The cluster will leverage its DNS application process and a weight file to determine which IP addresses out of the ones configured to be used in that DNS zone should be used.

The algorithm factors in CPU utilization, throughput, etc when making the determination.

The data LIF IP address is passed back to the DNS server, then to the client.

Easy peasy.

picture13911134748425

How do I ensure data locality?

The short answer: With on-box DNS, you can’t. But does it matter?

In clustered Data ONTAP, if you have multiple nodes and multiple data LIFs, you might end up landing on a node’s data LIF that is not local to the volume being requested. That can incur a slight latency penalty as the request traverses the backend cluster network.

In a majority of cases, this penalty is negligible to clients and applications, but with latency-sensitive applications (especially in flash environments), this penalty can hurt a little. Using local network connections to data volumes for NAS uses a concept of “fast path” that bypasses things that the remote connections need to do. I cover this in a little more detail in TR-4067 and in TECH::Data LIF best practices for NAS in cDOT 8.3.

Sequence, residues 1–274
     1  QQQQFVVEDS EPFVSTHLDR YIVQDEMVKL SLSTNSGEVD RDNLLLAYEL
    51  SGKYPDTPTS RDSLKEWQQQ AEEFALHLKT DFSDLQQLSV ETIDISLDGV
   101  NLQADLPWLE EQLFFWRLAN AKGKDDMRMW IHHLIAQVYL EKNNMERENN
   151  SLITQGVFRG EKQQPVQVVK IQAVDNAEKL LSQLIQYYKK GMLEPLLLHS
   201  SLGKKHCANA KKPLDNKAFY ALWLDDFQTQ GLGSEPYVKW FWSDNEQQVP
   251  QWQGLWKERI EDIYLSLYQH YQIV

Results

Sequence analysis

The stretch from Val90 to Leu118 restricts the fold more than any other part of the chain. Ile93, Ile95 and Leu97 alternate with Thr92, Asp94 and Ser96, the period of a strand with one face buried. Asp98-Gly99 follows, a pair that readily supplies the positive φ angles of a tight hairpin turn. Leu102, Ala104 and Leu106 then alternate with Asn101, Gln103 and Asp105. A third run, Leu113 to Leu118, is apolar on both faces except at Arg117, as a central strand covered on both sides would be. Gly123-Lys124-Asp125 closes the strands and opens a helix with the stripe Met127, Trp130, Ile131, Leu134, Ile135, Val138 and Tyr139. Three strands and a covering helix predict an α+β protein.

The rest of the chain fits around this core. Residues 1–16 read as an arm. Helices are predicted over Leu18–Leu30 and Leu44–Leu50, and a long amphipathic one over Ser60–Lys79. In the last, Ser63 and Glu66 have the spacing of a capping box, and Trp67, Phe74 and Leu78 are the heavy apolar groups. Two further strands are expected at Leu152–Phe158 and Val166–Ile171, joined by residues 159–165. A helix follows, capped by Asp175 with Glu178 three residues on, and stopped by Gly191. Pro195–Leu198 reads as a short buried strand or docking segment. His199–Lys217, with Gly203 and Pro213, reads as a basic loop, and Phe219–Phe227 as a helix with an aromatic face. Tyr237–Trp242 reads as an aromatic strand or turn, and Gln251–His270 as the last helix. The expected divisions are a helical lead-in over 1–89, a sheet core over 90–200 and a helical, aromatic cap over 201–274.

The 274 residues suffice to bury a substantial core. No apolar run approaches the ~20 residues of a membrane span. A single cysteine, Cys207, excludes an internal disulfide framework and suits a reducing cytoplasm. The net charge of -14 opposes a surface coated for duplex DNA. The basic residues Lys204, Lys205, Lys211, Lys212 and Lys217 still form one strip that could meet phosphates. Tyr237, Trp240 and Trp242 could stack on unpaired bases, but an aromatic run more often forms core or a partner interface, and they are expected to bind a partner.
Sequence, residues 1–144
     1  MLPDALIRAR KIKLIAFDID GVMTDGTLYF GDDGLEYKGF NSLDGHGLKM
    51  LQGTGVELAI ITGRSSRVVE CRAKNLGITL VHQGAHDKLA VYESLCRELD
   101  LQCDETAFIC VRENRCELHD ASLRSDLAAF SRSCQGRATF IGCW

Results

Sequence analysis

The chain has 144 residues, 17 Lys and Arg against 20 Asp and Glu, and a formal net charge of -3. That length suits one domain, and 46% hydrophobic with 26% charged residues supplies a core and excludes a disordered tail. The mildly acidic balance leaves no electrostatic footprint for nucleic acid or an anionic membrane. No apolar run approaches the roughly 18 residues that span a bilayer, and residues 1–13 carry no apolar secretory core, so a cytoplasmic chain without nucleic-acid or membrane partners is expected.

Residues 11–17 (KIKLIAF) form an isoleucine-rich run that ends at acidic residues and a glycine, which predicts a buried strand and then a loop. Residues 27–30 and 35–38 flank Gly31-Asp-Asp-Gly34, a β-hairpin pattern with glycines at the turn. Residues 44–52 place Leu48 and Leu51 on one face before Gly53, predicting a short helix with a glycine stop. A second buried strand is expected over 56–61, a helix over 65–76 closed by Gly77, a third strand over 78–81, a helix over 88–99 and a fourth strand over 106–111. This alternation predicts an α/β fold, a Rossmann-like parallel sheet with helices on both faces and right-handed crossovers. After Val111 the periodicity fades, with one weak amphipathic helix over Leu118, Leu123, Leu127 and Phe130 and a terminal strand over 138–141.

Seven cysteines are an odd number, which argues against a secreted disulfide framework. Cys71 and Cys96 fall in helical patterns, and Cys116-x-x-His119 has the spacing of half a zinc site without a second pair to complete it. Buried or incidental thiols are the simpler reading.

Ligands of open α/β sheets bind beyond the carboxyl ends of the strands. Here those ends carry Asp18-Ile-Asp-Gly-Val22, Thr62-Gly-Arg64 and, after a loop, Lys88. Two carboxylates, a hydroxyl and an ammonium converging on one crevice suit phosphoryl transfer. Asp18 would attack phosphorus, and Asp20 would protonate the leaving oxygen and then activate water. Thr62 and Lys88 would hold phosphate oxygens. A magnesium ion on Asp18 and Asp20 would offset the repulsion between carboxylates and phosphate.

In cases where you absolutely *need* data access to be local to the node, you would need to mount those local data LIFs specifically. Create A/AAAA records with node names incorporated to help discern which LIFs are on which nodes.

But in most cases, it doesn’t hurt to have remote traffic – in my 5 years in support, I never fixed a performance issue by making data access local to the node.

How do I set it up?

It’s pretty straightforward. I cover it in detail in TR-4523: DNS Load Balancing in ONTAP. In that TR, I cover Active Directory and BIND environments.

For a simple summary:

  1. Configure data LIFs in your storage virtual machine to use -dns-zone [zone name]
  2. Select data LIFs in your storage virtual machine that will act as name servers and listen for DNS queries on port 53 with “-listen-for-dns-query true”. I’d recommend multiple LIFs to provide fault tolerance.
  3. Add a DNS forwarding zone (subdomain in BIND, delegation or conditional forwarder in AD) on the DNS server. Use the data LIFs acting as name servers in the configuration and use the zone specified in -dns-zone.